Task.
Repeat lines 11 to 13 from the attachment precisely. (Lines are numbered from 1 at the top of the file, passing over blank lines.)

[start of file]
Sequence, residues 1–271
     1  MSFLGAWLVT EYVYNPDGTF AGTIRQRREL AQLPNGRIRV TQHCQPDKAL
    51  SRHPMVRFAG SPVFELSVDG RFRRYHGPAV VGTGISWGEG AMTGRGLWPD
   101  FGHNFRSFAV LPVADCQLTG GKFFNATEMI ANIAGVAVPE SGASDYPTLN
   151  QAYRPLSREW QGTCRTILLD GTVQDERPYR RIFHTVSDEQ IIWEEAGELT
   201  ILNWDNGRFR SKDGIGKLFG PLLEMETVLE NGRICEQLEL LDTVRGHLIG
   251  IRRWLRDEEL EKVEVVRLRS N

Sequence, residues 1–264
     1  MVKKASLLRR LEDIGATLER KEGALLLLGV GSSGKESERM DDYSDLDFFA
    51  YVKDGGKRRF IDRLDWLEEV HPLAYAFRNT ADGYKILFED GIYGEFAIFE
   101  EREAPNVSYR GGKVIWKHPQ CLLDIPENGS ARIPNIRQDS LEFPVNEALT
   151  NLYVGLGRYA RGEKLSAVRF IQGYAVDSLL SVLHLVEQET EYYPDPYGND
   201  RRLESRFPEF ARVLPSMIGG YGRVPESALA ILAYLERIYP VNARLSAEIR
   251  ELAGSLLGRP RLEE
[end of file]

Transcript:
   101  EREAPNVSYR GGKVIWKHPQ CLLDIPENGS ARIPNIRQDS LEFPVNEALT
   151  NLYVGLGRYA RGEKLSAVRF IQGYAVDSLL SVLHLVEQET EYYPDPYGND
   201  RRLESRFPEF ARVLPSMIGG YGRVPESALA ILAYLERIYP VNARLSAEIR